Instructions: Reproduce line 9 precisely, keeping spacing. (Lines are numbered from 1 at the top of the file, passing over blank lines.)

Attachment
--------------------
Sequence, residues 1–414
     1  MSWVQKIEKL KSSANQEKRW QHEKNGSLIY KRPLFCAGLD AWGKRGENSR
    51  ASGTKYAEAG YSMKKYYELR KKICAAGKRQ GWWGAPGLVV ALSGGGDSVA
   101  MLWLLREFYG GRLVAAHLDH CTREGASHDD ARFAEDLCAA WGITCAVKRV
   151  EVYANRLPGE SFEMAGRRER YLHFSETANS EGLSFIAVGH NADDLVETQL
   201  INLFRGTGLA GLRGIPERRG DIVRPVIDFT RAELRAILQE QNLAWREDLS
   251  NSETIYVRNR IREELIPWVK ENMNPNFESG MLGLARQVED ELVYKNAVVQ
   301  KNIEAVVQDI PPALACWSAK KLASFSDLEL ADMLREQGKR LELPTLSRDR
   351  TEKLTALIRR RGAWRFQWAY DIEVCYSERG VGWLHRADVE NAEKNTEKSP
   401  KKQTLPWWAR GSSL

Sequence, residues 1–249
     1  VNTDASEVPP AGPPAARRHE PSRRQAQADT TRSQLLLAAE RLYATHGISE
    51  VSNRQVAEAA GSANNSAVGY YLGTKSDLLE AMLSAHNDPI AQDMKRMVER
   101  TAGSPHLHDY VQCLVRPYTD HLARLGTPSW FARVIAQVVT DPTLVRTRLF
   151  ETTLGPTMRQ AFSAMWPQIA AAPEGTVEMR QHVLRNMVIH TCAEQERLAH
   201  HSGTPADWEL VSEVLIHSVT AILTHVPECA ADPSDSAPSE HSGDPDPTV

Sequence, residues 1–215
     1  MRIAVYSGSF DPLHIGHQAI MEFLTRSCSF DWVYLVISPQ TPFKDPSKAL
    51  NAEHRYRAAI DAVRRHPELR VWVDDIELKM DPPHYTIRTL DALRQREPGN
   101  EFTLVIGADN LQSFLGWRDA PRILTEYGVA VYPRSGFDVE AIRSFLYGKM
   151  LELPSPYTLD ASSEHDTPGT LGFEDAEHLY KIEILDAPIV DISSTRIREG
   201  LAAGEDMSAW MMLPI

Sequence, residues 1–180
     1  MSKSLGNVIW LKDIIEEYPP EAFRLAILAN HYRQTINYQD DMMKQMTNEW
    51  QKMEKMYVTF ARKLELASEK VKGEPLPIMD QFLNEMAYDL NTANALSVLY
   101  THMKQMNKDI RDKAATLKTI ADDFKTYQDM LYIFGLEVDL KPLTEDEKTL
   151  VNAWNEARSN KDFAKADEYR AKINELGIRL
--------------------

   351  TEKLTALIRR RGAWRFQWAY DIEVCYSERG VGWLHRADVE NAEKNTEKSP